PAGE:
Absent a clear account from the Saudis, guesswork, which would normally count for little in such a case, is the only way at present to attempt elucidation of the Jeddah bombing - and of many other aspects of the Saudi situation. Among Saudis, rumors proliferate daily. In a commentary posted in English by the Saudi-based Al Arabiya broadcast system, Tariq Alhomayed, editor-in-chief of the Saudi-owned London daily Sharq Al-Awsat (The Middle East) described the survival of prince Muhammad as a religious miracle. According to Alhomayed, in the room where the bomber triggered the blast, “blood splattered in almost every corner, and a hole in the roof [was] caused by the terrorist’s flying body-parts… [but] despite the fact that the terrorist was on the left of Prince Muhammad, the area where Prince Muhammad was standing was not stained with any blood.”

Alhomayed averred that ordinary Saudis continue to question their reality, but all the issues he brought up for debate reflected on King Abdullah’s reform program rather than the Jeddah mystery. Why, Alhomayed asked, “does the ruler develop his system of government… especially when this is a very sensitive issue to the ruling house? Why does the King initiate major changes in vital areas which affect people’s lives and the country, from changes in the judiciary to changes in other ministries? Why, when the King implements these changes, do those who refuse to accept the development of the education system, the curriculum, and the refinement of religious discourse oppose him?” Very few Saudis ask such questions. The answers are obvious: the kingdom needs to modernize, and Wahhabi fanatics oppose change. Alhomayed’s discourse, like the transcript of the discussion between Asiri and Prince Muhammad, was opaque. While Alhomayed called on the Saudi authorities to prepare for people to ask for explanations from them, none of the imagined questions had to do with security measures that did not work, a bomb that did not kill anybody but its bearer, and a branch of Al-Qaeda with little recorded action in the kingdom.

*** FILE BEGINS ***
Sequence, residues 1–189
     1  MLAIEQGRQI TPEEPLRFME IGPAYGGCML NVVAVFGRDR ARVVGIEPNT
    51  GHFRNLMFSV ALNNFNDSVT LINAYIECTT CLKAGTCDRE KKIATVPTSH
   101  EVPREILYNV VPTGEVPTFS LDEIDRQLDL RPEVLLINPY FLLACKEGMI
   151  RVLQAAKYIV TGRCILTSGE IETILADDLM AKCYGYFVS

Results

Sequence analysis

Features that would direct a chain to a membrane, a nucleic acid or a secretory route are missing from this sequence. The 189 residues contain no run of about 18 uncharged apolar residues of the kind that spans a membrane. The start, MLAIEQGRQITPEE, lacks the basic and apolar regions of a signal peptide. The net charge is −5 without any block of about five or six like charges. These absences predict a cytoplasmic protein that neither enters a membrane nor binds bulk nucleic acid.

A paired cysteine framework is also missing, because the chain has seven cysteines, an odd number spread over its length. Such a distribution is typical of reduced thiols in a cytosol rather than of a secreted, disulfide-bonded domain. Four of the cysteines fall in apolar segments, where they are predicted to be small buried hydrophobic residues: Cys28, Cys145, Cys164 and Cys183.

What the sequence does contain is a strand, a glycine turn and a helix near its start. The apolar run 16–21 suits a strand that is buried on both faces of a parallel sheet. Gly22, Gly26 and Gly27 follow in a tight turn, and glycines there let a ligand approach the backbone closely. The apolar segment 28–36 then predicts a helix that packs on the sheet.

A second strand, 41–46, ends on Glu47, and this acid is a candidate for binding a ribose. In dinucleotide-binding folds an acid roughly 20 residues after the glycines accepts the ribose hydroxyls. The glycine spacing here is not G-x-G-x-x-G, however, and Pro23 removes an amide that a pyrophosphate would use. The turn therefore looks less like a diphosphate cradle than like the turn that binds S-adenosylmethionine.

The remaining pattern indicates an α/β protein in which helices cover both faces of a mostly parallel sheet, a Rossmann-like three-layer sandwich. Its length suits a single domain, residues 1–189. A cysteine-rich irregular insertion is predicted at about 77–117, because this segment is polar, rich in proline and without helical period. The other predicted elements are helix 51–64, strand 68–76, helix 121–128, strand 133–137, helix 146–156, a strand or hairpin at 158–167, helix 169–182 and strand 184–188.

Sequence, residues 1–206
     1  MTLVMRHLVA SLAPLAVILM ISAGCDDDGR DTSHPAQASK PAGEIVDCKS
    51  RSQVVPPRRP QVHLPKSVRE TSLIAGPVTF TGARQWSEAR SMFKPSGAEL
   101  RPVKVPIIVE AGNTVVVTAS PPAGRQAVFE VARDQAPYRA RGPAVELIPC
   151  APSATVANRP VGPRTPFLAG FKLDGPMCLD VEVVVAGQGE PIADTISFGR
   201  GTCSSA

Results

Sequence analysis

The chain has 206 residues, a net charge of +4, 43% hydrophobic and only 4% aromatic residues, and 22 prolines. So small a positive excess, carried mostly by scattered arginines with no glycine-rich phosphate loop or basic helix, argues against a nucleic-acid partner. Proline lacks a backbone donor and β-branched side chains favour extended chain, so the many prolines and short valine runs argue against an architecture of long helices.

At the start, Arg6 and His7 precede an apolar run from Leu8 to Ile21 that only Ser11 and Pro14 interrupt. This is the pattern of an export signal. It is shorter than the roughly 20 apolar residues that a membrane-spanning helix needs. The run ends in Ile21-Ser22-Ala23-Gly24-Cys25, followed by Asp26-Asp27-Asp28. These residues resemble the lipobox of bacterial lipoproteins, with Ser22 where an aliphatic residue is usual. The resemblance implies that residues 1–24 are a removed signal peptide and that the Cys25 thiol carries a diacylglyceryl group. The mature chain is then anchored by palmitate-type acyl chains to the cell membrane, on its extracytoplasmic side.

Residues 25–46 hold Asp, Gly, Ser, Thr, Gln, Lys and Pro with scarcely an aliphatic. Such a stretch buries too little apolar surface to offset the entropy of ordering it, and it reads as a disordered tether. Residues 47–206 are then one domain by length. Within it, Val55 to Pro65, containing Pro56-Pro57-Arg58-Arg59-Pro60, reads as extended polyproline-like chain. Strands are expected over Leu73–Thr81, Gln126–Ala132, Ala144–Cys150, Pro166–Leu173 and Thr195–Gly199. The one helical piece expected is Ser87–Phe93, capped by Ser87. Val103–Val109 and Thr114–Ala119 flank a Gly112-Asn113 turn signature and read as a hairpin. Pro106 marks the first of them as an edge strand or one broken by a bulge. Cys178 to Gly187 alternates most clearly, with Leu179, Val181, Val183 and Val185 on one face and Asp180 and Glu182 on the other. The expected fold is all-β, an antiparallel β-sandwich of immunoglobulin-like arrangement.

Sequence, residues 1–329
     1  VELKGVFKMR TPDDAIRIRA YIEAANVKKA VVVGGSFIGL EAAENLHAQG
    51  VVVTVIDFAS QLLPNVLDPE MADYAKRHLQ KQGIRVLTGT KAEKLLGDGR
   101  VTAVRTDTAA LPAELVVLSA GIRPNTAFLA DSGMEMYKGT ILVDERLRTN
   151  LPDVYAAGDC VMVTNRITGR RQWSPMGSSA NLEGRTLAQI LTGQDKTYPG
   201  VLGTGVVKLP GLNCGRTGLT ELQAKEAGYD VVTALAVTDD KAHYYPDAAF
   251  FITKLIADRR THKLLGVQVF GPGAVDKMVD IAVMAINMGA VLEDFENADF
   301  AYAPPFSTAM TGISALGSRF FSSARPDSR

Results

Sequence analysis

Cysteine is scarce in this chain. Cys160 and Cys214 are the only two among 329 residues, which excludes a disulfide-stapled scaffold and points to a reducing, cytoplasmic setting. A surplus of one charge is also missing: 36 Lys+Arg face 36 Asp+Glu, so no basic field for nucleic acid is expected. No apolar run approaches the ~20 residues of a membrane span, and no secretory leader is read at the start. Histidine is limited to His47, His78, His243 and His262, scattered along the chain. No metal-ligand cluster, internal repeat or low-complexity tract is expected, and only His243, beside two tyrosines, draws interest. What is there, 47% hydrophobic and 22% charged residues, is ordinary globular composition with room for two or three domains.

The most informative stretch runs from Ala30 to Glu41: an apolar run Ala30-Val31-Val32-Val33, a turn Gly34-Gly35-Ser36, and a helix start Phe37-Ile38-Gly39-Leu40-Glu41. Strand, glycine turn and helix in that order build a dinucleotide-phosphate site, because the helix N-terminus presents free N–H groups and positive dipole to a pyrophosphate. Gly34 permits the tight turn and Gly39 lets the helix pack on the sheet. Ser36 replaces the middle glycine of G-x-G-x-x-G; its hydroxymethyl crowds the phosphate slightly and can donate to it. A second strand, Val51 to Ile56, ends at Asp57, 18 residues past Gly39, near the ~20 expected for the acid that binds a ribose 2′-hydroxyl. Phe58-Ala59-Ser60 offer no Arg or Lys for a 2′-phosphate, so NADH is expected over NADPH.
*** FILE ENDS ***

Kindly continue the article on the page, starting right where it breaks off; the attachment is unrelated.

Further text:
At the end of August, Muhammad’s father Nayef defended the habit of welcoming terrorists into the homes of the powerful, saying “This incident will not change this policy by which we open the door for those who repent… In this country we are targeted... The situation could change and could intensify, not in terms of the number (of attacks) but rather in their nature, and that is more dangerous.” What that was supposed to mean was left unexplained. But it could indicate that Nayef and his hard liners are preparing a provocation or coup to halt Abdullah’s reforms, elementary as they are, and that Abdullah bin Hassan bin Taleh Asiri was merely a participant in an elaborate subterfuge.

Eight years after the atrocities of 9/11, certain unquestionable facts remain about the world’s strangest country. Saudi Arabia has never formed a “9/11 commission” or issued a report disclosing the links between powerful Saudis and Al-Qaeda. Until now, Al-Qaeda has never acted against the royal family, notwithstanding official Saudi claims - as echoed by Nayef - that the dynasty’s overthrow is the goal of Osama Bin Laden. And while the Saudi anti-terror program claims a high rate of success, it has also admitted failures.

It is an irony of Islam that the much-overused insult “unbeliever” - qafir - literally means “concealer of the truth.” Saudi Arabia has succeeded better than any other authoritarian state in history in the art of concealment. In a break with Wahhabi-ordered custom, Saudi Arabia currently allows archeologists to excavate pre-Islamic ruins in the kingdom, but then orders the public barred from them if they include ancient Christian churches. The state’s top religious administration has banned distribution of swine flu information in mosques if it includes pictures of living creatures - an action treated by Saudi liberals as a defeat for King Abdullah’s reforms. And recently, in yet another incident lacking transparency, 660 Chinese laborers, out of 5,000 contracted from China to build a high-speed railway between Jeddah, Medina and Mecca , announced that they had embraced Islam, in response to native Saudi complaints about the hiring of foreigners while the kingdom suffers from the global economic crisis. No other explanation for the sudden religious affirmation was provided.

King Abdullah and his reformist adherents, if they are truly dedicated to modernization and normalization of the country, should take a major lesson from Kremlinology. No concealment lasts forever, though it may take more than administrative reforms for Saudi subjects, and the world, to find out what really happened in Prince Muhammad’s office not long ago. And even if Abdullah’s reforms and interfaith blandishments succeed, Saudi Arabia may still justify suspicion by the rest of the world.